Cranking out the awesome.

Dear friends,

In the last few weeks, I’ve taken refuge in my quilting studio. Five years ago as my mother lay dying, I found solace in long runs. I cried my eyes out through most of them (and let me tell you . . . snotting through seven miles is no easy feat), but I managed to find the release I needed to make the transition to life as a motherless daughter.

Now that my father is dying, I’m quilting my way through it. It’s not that I’m not running. I am. But I have running buddies now and instead of being overcome by emotion as I pound the pavement, we chat about the minutiae of  our lives. So the place I go to escape, to reflect, to occasionally burst into tears, is my quilting studio.

The silver lining to this dark cloud is that I’ve been cranking out the awesome. Back in January, I committed to four quilts — two for babies of friends and two for strangers in Instagram swaps. After a long spring of doing very little, I finally kicked into high gear and got two quilts out the door last week and have another more than half finished. It feels good to turn my restless worry and sadness into something beautiful. Would you like to see my work?

(That was a rhetorical question. I’m going to assume you’re nodding.)

The first and most difficult is a baby quilt for a colleague. I was charmed by the pattern months ago and thought it would make a perfect child’s quilt with some whimsical fabric I had been hoarding for a long time. I started the quilt right after the new year, but it was a tedious pattern to construct so after making a block or two, I stalled for a very long time.

Nevertheless, I unveiled it last Wednesday at the baby shower and I think it’s the finest quilt I’ve ever made. Here’s a close up view.

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Isn’t it just as sweet as can be? When I began the quilt, I didn’t know the gender of the baby so I tried to keep it as neutral as possible. I later found out my colleague is having a girl so I started using a lot more of the dark pink tones. Little Hattie was born yesterday and here’s a view of her entire quilt.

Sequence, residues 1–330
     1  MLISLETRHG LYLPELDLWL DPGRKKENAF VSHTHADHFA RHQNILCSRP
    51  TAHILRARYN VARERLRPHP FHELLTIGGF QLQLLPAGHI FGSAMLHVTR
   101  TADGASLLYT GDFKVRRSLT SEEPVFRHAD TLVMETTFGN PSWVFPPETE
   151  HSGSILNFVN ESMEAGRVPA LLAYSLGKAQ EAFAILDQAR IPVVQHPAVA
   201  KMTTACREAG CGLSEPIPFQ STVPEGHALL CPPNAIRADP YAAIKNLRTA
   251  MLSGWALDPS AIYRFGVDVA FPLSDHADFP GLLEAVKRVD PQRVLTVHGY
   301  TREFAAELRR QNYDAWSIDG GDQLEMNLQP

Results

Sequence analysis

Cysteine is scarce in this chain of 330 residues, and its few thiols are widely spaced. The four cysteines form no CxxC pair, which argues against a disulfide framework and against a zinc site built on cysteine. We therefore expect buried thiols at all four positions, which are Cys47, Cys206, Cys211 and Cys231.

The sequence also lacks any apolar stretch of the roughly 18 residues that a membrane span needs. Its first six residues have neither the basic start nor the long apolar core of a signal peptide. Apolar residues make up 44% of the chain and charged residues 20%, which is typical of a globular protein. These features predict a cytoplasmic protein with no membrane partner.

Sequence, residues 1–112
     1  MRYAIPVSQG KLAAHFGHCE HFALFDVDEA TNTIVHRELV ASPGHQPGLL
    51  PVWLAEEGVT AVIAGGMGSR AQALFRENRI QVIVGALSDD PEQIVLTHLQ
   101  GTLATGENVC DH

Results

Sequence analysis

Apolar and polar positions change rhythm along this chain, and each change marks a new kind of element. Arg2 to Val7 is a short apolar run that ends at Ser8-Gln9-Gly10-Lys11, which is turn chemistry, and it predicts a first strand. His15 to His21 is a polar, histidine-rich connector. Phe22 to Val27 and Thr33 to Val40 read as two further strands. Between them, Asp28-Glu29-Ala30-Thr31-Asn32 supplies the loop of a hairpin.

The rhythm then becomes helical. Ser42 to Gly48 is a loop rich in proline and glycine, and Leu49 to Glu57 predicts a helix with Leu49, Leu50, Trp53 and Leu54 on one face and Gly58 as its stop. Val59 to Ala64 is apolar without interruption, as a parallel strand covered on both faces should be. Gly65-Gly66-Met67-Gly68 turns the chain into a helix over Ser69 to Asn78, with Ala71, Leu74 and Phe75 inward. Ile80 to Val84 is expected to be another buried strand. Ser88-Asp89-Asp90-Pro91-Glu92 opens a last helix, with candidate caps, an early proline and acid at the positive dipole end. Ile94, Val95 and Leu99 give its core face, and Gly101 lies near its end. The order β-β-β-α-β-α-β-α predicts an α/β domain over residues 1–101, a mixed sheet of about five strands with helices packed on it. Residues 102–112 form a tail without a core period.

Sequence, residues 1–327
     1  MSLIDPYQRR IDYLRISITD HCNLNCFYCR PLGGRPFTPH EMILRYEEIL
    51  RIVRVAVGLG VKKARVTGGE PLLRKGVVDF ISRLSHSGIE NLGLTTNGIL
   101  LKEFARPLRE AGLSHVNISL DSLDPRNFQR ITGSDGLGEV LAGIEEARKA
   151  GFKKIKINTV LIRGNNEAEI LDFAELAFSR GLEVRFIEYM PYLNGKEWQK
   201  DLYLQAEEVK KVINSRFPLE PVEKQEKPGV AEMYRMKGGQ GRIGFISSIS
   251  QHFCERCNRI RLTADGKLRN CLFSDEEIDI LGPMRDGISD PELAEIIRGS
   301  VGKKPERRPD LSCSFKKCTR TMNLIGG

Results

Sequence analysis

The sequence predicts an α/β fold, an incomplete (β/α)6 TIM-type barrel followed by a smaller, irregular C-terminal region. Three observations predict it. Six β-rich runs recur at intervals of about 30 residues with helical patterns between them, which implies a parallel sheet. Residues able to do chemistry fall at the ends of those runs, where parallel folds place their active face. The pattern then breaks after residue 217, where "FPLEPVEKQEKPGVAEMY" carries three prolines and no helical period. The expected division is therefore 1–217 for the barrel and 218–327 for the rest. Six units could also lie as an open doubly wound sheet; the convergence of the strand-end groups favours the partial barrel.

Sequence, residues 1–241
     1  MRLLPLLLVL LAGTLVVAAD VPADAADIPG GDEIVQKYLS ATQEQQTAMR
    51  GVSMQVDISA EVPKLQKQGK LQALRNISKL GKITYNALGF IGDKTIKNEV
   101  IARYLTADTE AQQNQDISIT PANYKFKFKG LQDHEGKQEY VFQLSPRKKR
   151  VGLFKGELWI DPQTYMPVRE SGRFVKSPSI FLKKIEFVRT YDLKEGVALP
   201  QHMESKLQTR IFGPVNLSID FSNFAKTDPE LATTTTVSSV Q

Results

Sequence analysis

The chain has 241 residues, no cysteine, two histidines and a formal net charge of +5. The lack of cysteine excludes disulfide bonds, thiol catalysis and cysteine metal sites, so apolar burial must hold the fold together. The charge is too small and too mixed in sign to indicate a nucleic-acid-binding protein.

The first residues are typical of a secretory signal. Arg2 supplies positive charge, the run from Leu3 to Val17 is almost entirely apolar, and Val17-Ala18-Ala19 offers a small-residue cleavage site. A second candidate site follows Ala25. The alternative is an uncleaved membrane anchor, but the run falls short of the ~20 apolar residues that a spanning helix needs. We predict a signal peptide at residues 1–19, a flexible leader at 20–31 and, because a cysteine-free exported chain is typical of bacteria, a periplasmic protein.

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The back is also as cute as can be, with grey fabric that coordinates with the front border and pieced stripes using pink fabrics from the entire line.

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Once I finished this quilt, I quickly finished another — a mini I began back in March and also stalled on. It should arrive at my secret swap partner’s house TODAY, so I’ll be excited to watch my Instagram feed and see if she likes it.

The rules of the swap specified that we use a particular fabric line and do our best to match our partner’s tastes. She said she likes blues and greens and prefers traditional patterns, so — even though I like improvisational designs — I gave it my best go. Here it is:

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It’s a petite 24″X24″, perfect for hanging on every quilter’s coveted “mini wall.” By the way, the fabric line is called Cotton + Steel by RJR Fabrics and it’s the hottest thing to hit quilting in a long time. I kept the back simple with just  navy fabric from the front and a snippet of the selvedge to commemorate the Cotton + Steel theme.

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As soon as I finished this mini, I started another baby quilt. This one is for a colleague and dear friend’s first grandbaby. Unfortunately, sweet baby Pearl was born two days ago so I’m behind the curve on this one. But see what you think about what I’ve completed so far:

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The fabric line is called Pearl Bracelets. I used it a long time ago in Kate’s tennis quilt, so as soon as I learned my friend’s grandbaby would be named Pearl, I knew exactly what I wanted to do.  Pearl’s nursery is decorated in bright colors so I think my quilt will strike just the right note.

Finally, after I started the first baby quilt (but before I finished it), I made three table runners as birthday gifts for friends. I won’t bore you with photos of each since they were all made with the same fabric selections and constructed with slight variations, but I’ll show you one of my favorites:

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Purty, huh?

And, somehow, that helps. The act of creating and sharing has sustained humans since the start of time, especially during periods of great pain and loss. The definition of art is “something created from imagination that is beautiful and expresses important ideas or feelings.” I’ll let the recipients decide if my work is beautiful but I’m certain it expresses the love I’m feeling in abundance as I contemplate the last Father’s Day with my Daddy.

With gratitude {for another day, to breathe, to love, to create, to share},

Joan, who wishes you and yours the happiest of Father’s Day near the ones you love

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Heartbreak in the grocery aisle.

Dear friends,

I think it’s obvious that food has been on my mind lately. A lot.

Clearly, food being on my mind is what led to the cleanse. And now that I’m a full five weeks into the cleanse, food is on my mind for a different set of reasons. Some of the conclusions I’ve drawn are what I expected; others have surprised me. I thought I would share these thoughts with you — and the easiest way to do so is with a list. Er, two lists actually.